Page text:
Healthcare Data and Preventive Care: A Pathway to Success in Value-Based Healthcare
An area where healthcare data is beginning to make inroads and has tremendous potential for significant impact is in preventive healthcare.
Preventive care plays in important role in value-based healthcare – the direction healthcare models continue to evolve into as they move away from fee-for-service. A couple notable factors act as incentives for placing prevention at the forefront of care:
Changing Hospital Revenue Mix
Hospitals face changing payment mixes due to:
- High volume of Medicare usage by an aging population, notably the Baby Boomers.
- Increased numbers of Medicaid patients, in part, a result of the Affordable Care Act (ACA) Medicaid expansion.
- Decreasing reimbursements from commercial payers.
With payments for quality on the line, hospitals have a strong incentive to keep these populations on the preventive continuum of care, especially those most at risk for costly chronic health conditions like diabetes, seniors that need special home care (for more info check out homecaring.com.au).
There’s no doubt that hospitals with successful readmissions rates have leveraged big data to do so. This requires using data for proactive patient care, including using data platforms that can detect harmful drug side effects and interactions so pharmacists can assist doctors in tailoring a patient’s drug regimen to optimize its therapeutic effect while mitigating risk.
Feeling the Squeeze
Given changing revenue mixes, managing hospital readmissions and much more, it’s a rare hospital that’s not feeling the squeeze these days. Let’s look closer at how data can support preventive care, thus helping fuel success in a value-based model.
Before we jump in, we want to acknowledge what we all know and are watching unfold – it’s hard to say what will happen with ACA in the current political climate. If ACA is repealed, it’s also unclear what will emerge in its place. It does remain reasonable, though, to assume that a payment for outcomes versus payment for service model will likely continue to shape the healthcare industry.
For years, providers have submitted quality measures for programs such as Hospital Inpatient Quality Reporting (IQR), Hospital Outpatient Quality Reporting (OQR) and Physician Quality Reporting System (PQRS). Now these measures are tied to penalties and incentives. There is an opportunity here to leverage these quality and performance measures at a population health level – recognizing trends in vulnerable populations – for prevention. This will, however, require data tools in the form of sophisticated data analytics and data warehousing.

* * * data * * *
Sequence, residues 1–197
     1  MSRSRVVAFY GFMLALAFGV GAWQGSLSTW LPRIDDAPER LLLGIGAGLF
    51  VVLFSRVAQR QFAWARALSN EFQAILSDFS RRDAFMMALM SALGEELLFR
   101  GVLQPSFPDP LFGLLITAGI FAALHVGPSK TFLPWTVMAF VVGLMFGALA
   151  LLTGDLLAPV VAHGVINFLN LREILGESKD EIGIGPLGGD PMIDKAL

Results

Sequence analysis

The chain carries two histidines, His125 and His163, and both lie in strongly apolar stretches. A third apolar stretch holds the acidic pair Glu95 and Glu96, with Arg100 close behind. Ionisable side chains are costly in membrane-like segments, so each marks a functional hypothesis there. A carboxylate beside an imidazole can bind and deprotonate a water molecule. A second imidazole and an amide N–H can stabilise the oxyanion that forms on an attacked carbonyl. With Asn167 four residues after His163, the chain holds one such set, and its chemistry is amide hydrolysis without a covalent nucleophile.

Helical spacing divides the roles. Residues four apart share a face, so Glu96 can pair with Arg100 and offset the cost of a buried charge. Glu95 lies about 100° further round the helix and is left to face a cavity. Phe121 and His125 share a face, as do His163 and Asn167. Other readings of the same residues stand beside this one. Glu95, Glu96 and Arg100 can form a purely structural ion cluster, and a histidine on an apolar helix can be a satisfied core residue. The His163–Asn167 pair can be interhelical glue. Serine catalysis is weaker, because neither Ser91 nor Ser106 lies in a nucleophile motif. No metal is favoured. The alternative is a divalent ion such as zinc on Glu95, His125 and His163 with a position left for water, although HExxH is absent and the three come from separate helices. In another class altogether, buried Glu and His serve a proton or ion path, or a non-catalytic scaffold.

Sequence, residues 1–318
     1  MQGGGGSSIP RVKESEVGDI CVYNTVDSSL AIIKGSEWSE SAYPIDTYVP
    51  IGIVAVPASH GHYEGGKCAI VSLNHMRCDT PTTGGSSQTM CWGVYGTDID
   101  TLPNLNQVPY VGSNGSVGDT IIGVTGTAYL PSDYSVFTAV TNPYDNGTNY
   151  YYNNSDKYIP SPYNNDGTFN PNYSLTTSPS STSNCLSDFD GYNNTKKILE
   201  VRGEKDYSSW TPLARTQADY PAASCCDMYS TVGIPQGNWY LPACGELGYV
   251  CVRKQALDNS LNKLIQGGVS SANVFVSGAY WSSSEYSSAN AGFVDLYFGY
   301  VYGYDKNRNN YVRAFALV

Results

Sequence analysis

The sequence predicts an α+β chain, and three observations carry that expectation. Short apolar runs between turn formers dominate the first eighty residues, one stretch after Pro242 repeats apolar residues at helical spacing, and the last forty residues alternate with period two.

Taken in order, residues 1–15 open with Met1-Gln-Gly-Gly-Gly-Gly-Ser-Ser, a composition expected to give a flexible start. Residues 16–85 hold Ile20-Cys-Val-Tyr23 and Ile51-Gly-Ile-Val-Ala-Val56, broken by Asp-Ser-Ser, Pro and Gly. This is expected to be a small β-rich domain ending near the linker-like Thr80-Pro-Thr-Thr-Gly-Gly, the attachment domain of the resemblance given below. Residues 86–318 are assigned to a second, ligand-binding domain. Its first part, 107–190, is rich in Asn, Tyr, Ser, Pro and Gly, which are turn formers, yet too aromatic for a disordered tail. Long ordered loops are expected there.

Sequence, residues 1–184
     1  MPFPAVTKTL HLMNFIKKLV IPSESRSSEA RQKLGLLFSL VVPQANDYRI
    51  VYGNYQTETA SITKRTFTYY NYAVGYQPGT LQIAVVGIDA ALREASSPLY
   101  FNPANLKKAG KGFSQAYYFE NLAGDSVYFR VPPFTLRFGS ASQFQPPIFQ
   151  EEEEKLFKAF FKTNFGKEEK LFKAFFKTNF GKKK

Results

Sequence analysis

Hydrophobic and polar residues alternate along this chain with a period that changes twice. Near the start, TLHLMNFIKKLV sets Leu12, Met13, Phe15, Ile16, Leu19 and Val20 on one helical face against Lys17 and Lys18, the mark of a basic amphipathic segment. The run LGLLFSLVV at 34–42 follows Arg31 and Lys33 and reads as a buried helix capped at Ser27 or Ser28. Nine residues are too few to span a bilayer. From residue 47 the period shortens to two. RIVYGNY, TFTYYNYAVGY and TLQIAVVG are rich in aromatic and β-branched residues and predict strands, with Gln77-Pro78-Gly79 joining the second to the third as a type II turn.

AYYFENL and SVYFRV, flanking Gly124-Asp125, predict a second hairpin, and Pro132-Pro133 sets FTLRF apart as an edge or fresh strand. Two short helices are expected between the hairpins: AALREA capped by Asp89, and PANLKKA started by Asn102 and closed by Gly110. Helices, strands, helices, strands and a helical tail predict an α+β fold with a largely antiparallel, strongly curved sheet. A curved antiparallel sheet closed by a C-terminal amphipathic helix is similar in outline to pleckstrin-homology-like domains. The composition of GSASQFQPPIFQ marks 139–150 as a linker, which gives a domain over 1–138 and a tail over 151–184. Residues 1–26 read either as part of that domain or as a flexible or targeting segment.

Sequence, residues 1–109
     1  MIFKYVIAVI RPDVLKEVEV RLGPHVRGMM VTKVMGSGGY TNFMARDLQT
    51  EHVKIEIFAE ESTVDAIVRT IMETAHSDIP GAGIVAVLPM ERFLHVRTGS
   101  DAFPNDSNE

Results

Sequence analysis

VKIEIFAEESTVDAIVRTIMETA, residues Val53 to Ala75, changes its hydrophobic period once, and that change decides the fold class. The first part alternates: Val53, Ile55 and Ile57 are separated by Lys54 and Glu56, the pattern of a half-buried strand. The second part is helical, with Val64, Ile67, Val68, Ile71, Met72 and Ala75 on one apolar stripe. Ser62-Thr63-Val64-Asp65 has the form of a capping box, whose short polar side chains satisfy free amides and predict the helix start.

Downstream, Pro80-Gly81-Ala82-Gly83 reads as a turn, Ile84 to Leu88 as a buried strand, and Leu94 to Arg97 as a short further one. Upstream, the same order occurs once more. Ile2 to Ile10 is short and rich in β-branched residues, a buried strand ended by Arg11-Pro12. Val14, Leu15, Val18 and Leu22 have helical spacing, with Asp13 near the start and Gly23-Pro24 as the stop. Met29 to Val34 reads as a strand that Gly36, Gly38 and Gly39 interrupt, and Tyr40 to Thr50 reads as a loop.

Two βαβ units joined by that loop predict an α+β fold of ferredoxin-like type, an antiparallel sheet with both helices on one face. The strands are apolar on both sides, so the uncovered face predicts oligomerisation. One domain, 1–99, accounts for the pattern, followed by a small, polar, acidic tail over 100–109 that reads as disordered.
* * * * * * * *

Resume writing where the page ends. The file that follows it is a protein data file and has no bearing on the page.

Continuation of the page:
At a more granular level beyond broader population health, integrating healthcare data across data silos can allow hospitals to be more predictive and capture similarities across defined patient populations and at the individual level for more personalized risk profiling. The idea of precision health is the ability to narrow down to very specific segments of a population. Being able to predict risk at this more granular level will allow for proactive preventive treatment and improved cost management.
Claims Data and Preventive Healthcare
While we are in the business of providing healthcare claims data analytics, we recognize that claims data is a piece of the larger data puzzle for preventive healthcare. Integration of various forms of data for business intelligence and improved care may be the only way hospitals can weather shifting payment mixes, care models, penalties and more.
With Medicare setting clear goals for 90 percent of all payments to be tied to quality or value by 2018, healthcare data integration is a must to achieve this goal and bend the cost curve. Cloud technology and warehouse-based big data and analytics platforms are an investment for a hospital system. But without them, there will simply be no way to gain the insights hospitals need for success in preventive care or more broadly across their care outcome and business goals.
Get In Touch
(888) 214-1415 I email@example.com